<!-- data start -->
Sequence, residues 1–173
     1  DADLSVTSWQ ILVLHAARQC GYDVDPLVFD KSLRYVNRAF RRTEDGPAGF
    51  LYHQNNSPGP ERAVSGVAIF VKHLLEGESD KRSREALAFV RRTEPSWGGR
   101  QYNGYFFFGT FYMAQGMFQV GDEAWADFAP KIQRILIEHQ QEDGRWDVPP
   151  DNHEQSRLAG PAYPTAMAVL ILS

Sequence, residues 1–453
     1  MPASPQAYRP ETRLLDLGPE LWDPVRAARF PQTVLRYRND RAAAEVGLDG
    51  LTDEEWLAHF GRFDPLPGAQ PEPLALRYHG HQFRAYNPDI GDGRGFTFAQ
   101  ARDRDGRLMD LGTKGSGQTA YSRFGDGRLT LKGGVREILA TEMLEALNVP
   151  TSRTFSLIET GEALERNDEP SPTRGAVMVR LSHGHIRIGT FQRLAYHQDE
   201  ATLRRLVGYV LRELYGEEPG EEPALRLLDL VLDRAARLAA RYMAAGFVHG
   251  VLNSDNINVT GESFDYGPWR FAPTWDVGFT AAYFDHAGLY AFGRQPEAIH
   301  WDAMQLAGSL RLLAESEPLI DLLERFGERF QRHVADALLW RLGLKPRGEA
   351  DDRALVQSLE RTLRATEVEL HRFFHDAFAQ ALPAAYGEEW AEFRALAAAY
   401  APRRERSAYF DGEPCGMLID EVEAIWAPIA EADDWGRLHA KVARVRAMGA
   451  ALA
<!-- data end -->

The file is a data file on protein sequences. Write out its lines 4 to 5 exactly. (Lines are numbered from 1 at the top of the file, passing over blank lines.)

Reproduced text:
   101  QYNGYFFFGT FYMAQGMFQV GDEAWADFAP KIQRILIEHQ QEDGRWDVPP
   151  DNHEQSRLAG PAYPTAMAVL ILS